On 2012-02-09 22:17, Jesper Krogh wrote:
On 2012-02-09 21:09, Robert Haas wrote:
That doesn't make sense to me.  If you probe index A for rows where a
= 1 and find that CTID (100,1) is such a row, and now want to return a
column value b that is not present in that index, the fastest way to
get the row is going to be to fetch block 100 from the heap and return
the data out of the first tuple.  To get the value out of some other
index that does include column b would require scanning the entire
index looking for that CTID, just so you could then grab the
corresponding index tuple, which wouldn't make any sense at all.

You're right, in my head, everything it wired up against my primary
keys, of-course that isn't the case for the DB. Sorry for the noise.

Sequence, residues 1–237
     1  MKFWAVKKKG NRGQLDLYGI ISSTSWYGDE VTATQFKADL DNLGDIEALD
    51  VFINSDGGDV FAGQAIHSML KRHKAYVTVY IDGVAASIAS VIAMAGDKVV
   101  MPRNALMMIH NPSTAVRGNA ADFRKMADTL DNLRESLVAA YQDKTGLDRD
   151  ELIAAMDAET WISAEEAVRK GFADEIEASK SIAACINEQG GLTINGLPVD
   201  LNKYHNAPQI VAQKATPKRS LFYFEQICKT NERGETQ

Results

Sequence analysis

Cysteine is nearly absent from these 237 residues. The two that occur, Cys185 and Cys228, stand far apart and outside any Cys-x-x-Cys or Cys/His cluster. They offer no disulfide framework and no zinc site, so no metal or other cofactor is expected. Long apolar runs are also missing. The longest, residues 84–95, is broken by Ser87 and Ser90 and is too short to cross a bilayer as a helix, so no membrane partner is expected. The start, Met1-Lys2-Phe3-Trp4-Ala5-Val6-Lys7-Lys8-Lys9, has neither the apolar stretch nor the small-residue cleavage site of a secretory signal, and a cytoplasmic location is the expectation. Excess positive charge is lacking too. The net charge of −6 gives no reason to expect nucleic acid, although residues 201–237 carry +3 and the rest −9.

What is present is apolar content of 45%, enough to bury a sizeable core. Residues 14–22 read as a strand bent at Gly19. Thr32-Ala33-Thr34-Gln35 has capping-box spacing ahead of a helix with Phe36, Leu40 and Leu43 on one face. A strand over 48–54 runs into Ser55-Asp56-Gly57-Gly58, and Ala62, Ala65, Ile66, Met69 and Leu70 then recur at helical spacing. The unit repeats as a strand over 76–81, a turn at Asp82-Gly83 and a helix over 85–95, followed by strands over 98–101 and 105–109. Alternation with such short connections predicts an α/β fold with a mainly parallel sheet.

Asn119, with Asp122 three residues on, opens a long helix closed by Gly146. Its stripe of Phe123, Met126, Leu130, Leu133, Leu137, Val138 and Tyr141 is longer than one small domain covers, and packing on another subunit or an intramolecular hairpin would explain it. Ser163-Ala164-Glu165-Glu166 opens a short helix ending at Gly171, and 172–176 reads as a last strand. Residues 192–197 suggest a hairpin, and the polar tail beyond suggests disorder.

Ok, but there are still cases where we don't even need to construct
a data tuple at all:

2012-02-11 13:14:01.579 jk=# explain select count(*) from testtable where fts @@ to_tsquery('english','test1');
                                QUERY PLAN
 Aggregate  (cost=31.24..31.25 rows=1 width=0)
   ->  Bitmap Heap Scan on testtable  (cost=16.03..31.23 rows=4 width=0)
         Recheck Cond: (fts @@ '''test1'''::tsquery)
         ->  Bitmap Index Scan on ftsid  (cost=0.00..16.03 rows=4 width=0)
               Index Cond: (fts @@ '''test1'''::tsquery)
(5 rows)

Another idea sprung into my head, that indices on (ctid,<some mix of columns>)
could actually serve as some kind of "vertical" partitioning of the table.

Wether it actually will me more efficient or not need to be tested.



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